Please article and link to article by Mary Mosquera in Government Health IT, on the future of "Open Source" and the VA and DOD EHRs ...
September 01, 2011 | Mary Mosquera
The joint electronic health record for the Veterans Affairs and Defense Departments will in effect be open source when it is complete, according to a senior VA official, who provided more details about how that will occur.
VA is developing an open source track to modernize its VistA electronic health record and will incorporate the approach with DOD in the joint system. DOD has become more excited by open source and “sees it as a strong contributor as we move ahead,” said Roger Baker, VA CIO.
The departments will evaluate the modules available through the open source community as a primary method for sourcing their joint and integrated electronic health record (iEHR).
“As VA moves VistA forward to become the joint EHR system -- I use the word ‘morph’ -- we’re going to do that through the open source. So in effect the iEHR, when we get done, will be in the open source,” he said Aug. 31 in briefing with reporters.
VA has advocated for the collaborative method, believing it will generate innovation from public and private sector sources more quickly. VA will be one of the participants in the open source community, and DOD will also contribute.
VA launched on Aug. 30 its Open Source Electronic Health Record Agent (OSEHRA), which will enable the two departments to move toward an open, modular architecture that uses non-proprietary standard open interfaces. A custodial agent is an organization that has experience in establishing and operating an open source community, its processes and resulting products.
“It is huge, just huge for changing the way government thinks about massive, impactful systems and code. I have great optimism that this will lead the way in which government systems get done,” Baker said.
At the OSEHRA site, interested users can register, download code for the modules and give code back. VA has tested, certified and evaluated the modules available through the open source agent.
In June, VA awarded the Informatics Applications Group Inc. (TIAG), a management and technology services company, a $5 million contract to start operations of the open source community.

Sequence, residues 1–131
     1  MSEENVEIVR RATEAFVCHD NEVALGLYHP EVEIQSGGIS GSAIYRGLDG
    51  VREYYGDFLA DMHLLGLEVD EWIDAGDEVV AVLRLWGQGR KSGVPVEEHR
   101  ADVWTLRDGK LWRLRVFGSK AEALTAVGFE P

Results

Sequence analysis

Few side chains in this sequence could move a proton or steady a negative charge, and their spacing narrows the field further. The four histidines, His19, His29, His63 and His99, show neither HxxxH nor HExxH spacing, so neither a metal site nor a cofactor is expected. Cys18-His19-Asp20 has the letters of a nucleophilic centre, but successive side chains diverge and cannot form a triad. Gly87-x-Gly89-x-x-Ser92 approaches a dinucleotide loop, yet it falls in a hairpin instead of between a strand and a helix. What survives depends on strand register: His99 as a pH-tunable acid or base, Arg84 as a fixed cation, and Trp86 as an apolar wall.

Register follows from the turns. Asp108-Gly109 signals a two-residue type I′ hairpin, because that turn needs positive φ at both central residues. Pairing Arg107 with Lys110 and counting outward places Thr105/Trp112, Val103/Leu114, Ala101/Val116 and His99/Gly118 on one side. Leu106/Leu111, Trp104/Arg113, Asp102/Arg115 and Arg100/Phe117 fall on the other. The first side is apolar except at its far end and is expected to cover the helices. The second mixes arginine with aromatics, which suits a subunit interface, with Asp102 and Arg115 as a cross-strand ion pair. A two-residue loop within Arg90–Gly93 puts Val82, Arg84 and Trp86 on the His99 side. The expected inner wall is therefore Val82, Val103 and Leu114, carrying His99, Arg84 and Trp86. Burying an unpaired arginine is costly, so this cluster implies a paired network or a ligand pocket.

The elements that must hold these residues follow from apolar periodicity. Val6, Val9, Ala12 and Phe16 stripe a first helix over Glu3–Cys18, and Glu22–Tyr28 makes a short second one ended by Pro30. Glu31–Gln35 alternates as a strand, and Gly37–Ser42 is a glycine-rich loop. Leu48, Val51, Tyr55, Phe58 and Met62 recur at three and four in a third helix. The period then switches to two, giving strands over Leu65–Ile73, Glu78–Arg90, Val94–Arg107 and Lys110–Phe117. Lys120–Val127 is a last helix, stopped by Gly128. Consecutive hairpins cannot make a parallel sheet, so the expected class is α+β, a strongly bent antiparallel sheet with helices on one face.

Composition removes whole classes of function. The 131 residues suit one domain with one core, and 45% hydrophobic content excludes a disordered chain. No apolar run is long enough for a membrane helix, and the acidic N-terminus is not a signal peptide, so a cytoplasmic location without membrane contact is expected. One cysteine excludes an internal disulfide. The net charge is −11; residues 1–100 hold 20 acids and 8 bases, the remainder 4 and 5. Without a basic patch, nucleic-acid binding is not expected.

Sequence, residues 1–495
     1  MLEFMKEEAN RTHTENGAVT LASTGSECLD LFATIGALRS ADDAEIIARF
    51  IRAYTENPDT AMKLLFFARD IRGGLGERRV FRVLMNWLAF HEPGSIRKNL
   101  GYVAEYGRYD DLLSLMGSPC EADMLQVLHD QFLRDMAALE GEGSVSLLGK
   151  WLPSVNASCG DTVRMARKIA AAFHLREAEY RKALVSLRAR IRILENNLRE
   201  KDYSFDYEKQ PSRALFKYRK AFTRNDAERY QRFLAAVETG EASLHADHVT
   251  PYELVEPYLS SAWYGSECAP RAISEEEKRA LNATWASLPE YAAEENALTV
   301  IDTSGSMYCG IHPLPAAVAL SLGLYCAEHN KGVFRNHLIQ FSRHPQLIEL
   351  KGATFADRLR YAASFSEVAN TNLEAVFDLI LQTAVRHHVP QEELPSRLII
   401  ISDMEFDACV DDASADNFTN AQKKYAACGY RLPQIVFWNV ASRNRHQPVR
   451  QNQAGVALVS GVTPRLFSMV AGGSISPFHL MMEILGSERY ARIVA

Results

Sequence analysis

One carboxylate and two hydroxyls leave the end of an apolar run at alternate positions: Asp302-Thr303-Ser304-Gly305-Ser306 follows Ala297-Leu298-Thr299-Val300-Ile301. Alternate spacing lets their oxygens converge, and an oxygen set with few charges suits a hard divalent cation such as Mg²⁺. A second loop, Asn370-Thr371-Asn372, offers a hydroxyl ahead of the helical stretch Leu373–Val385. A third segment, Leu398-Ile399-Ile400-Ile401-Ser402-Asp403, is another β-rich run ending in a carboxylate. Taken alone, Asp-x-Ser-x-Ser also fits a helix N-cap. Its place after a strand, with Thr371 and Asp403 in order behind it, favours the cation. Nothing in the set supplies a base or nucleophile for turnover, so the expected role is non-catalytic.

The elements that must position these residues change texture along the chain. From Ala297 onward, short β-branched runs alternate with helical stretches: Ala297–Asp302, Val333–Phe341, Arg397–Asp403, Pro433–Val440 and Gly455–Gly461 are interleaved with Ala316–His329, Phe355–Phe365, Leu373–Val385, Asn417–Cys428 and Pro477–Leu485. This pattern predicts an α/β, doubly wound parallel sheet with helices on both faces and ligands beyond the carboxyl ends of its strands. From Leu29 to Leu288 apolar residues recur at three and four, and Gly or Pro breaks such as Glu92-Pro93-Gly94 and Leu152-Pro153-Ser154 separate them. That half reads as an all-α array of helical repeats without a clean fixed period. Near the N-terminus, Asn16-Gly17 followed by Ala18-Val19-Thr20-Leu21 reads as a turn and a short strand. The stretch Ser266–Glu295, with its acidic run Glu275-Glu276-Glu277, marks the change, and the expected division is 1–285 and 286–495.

VA and DOD are also requesting that vendors with proprietary standards move them into the public domain or assure that they are publicly available if they want to be used so that both departments can rely on them to communicate and exchange information.
[Related Q&A: On driving common governance for DoD and VA joint EHR.]
“For those who want us to utilize their standards, make certain that they are fully public domain so that we can use them without having to worry about, in effect creating a sole source situation,” he said.
VA and DOD would be driving these as standards because all of the hospitals will have been using them.
“As you see us move forward on open source and focus on what we want to do with the iEHR, it’s not just a common system between DOD and VA but something based on national standards that every EHR technology vendor can rely on,” Baker said.
In other milestones toward the iEHR, VA recently announced its intent to hire a vendor for an enterprise services bus, which will be the superhighway for all the messaging inside of the record system and “the absolute heart of the EHR because that’s how all the various modules will plug together,” Baker said.
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